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A defining moment for how the White House handles antisemitism

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Speaking at the first Jewish American Heritage Month reception at the White House last week, President Biden noted that antisemitic incidents are at a record high in the United States, calling the situation a “stain on the soul of America.”

The president’s remarks came ahead of the imminent release of a highly anticipated White House national strategy on combating antisemitism. Bewilderingly, the strategy has been delayed over contention as to how to define antisemitism.

That the Biden administration is only now attempting to define antisemitism is itself tremendously concerning, because you cannot fight what you cannot define. Regardless, now that officials are finally at the point of spelling out what constitutes prejudice against Jews, it is of paramount importance that they include the right definition and only the right definition.

In this regard, there should be no debate, because there is only one “gold standard” definition: the International Holocaust Remembrance Alliance (IHRA) working definition of antisemitism. It is the most widely endorsed, comprehensive and respected definition in the world, targeting the full cross-spectrum of antisemitism from the left and right.

Enacted in 2016, the IHRA definition was the culmination of a 15-year-long review process by a multitude of experts, lawmakers and civil society stakeholders to determine and describe what actually constitutes antisemitism. Today, it has been adopted by more than 40 countries, as well as the European Commission, the Latin American Parliament and over 1,100 institutions and governing bodies worldwide. Importantly, the overwhelming majority of the American mainstream Jewish community is fully unified behind it.

Simply put, no other definition has received even close to such widespread support. Nor does any other definition have years of demonstrated success at curbing anti-Jewish bigotry or hate.

In the U.S., the IHRA definition has been the pre-eminent and bipartisan source for defining modern antisemitism, serving as a guiding tool by the Department of State and Department of Education, and having also been adopted by over 30 states.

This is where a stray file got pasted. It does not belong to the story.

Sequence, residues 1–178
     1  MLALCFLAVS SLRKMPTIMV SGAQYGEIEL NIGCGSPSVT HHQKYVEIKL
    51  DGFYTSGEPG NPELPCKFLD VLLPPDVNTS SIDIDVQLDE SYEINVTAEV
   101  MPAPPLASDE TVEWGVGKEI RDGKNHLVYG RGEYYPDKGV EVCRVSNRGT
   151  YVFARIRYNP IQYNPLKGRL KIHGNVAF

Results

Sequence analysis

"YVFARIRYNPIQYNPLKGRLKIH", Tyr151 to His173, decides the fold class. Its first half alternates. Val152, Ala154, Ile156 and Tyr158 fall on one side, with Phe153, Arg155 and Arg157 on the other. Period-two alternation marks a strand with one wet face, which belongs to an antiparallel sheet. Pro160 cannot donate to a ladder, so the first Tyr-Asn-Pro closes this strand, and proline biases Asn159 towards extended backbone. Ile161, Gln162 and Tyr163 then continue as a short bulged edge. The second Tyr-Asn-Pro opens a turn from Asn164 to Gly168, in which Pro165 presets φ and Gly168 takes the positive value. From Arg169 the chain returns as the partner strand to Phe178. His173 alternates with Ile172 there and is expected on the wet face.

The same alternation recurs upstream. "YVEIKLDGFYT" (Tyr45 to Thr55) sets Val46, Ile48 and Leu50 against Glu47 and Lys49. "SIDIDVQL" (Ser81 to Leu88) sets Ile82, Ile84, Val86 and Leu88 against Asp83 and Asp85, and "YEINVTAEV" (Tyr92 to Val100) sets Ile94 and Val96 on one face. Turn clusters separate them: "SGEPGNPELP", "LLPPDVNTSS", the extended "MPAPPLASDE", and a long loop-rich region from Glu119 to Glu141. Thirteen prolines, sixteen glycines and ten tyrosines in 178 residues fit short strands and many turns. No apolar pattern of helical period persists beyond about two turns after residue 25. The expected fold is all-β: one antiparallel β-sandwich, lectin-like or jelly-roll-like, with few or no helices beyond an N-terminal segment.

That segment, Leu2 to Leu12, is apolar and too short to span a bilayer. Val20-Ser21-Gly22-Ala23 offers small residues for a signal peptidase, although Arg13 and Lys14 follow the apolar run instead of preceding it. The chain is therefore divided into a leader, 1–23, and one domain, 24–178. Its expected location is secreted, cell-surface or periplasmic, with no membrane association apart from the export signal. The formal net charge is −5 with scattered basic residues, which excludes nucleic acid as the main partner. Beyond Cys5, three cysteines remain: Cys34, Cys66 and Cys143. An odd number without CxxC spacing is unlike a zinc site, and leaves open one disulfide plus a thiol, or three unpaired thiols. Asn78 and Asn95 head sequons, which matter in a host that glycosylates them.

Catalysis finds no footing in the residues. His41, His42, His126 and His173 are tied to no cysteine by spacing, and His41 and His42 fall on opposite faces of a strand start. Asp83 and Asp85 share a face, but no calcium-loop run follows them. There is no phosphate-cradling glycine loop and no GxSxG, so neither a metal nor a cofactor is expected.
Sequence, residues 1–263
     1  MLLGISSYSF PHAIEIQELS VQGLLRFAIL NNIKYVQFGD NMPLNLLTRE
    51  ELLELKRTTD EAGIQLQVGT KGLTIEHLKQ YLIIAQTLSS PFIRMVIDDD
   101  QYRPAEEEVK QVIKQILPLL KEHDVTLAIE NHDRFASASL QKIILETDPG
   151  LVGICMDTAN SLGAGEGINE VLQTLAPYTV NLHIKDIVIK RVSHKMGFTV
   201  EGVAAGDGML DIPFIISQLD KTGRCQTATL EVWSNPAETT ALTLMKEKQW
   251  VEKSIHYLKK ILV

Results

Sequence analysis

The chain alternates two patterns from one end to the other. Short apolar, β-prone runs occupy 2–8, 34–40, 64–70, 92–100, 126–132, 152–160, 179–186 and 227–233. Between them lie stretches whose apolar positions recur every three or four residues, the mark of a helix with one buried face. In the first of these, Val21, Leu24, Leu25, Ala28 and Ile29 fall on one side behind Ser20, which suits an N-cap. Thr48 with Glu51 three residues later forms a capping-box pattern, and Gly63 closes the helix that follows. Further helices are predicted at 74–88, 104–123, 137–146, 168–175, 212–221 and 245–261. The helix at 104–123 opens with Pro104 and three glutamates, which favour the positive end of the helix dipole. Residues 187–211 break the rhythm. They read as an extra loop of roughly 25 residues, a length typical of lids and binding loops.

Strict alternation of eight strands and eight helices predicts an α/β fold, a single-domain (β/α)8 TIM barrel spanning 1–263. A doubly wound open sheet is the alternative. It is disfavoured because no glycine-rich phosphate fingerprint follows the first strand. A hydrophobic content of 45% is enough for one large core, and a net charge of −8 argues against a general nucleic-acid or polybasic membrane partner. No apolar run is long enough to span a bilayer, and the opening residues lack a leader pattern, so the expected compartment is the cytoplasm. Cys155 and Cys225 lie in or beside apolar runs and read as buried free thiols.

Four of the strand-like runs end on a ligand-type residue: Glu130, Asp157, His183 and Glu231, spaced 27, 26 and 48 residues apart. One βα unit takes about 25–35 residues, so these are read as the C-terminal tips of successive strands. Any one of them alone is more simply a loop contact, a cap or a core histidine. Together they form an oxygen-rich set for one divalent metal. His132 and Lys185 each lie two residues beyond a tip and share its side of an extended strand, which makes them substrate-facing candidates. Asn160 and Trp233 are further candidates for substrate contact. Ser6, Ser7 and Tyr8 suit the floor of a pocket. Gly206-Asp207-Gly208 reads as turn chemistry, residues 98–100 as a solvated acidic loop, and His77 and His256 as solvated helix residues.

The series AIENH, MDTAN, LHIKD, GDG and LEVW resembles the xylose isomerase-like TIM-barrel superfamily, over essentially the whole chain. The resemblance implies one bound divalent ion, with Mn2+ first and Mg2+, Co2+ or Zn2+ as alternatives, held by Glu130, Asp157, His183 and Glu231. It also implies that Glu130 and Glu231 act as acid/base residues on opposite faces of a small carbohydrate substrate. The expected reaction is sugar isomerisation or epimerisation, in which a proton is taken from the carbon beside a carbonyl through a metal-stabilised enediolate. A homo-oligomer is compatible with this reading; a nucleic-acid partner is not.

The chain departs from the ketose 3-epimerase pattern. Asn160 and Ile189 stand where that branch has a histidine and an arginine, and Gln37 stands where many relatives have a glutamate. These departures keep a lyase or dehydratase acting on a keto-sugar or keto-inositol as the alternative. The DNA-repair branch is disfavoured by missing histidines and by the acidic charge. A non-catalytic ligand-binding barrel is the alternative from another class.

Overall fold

In March 2021, Secretary of State Antony Blinken stated that the Biden administration “enthusiastically embraces” the IHRA working definition. It has also been embraced by both current and past U.S. special envoys on antisemitism.

That being the case, one cannot help but ask what it is causing the hesitation among the members of the president’s task force.

The answer is that the Biden administration has been under relentless pressure from progressive elements within its own party to extricate or minimize any reference to Israel, to “allow more space for criticism of Israel.”

In fact, the IHRA definition does not chill, silence, censor or stifle criticism of Israel or advocacy for Palestinians. In fact, the IHRA definition explicitly states that “criticism of Israel similar to that leveled against any other country cannot be regarded as antisemitic.” The definition also includes helpful examples, however, illustrating how, “taking into account the overall context,” purported criticism of Israel can sometimes evince antisemitism. This occurs, for example, when critics apply double standards against Israel that they would not apply to other democratic nations, “[draw] comparisons of contemporary Israeli policy to that of the Nazis,” or “[deny] the Jewish people their right to self-determination, e.g., by claiming that the existence of a State of Israel is a racist endeavor.”

Ahead of the Biden administration’s unveiling of its national strategy to counter antisemitism, there are reports that, while it might highlight the IHRA definition, it may also reference “alternatives.” Doing so would be a terrible idea.

Not a single one of these alternatives has ever even been adopted by a government entity or major institution, and for good reason: They fail to identify some of the most common manifestations of modern anti-Jewish hate, including the targeting and vilification of Israel “conceived as a Jewish collectivity.”

With antisemitism surging to unprecedented levels across America, now is not the time to equivocate. If the Biden administration is serious about delivering the “most ambitious, comprehensive effort in our history to combat antisemitism in America,” it will not appease those seeking to undermine this effort. Rather, it will unequivocally endorse the IHRA working definition as the sole and indispensable definition of antisemitism.

Arsen Ostrovsky is a human rights attorney and CEO of The International Legal Forum. You can follow him on Twitter at @Ostrov_A. Mark Goldfeder is director of the National Jewish Advocacy Center (@MarkGoldfeder).

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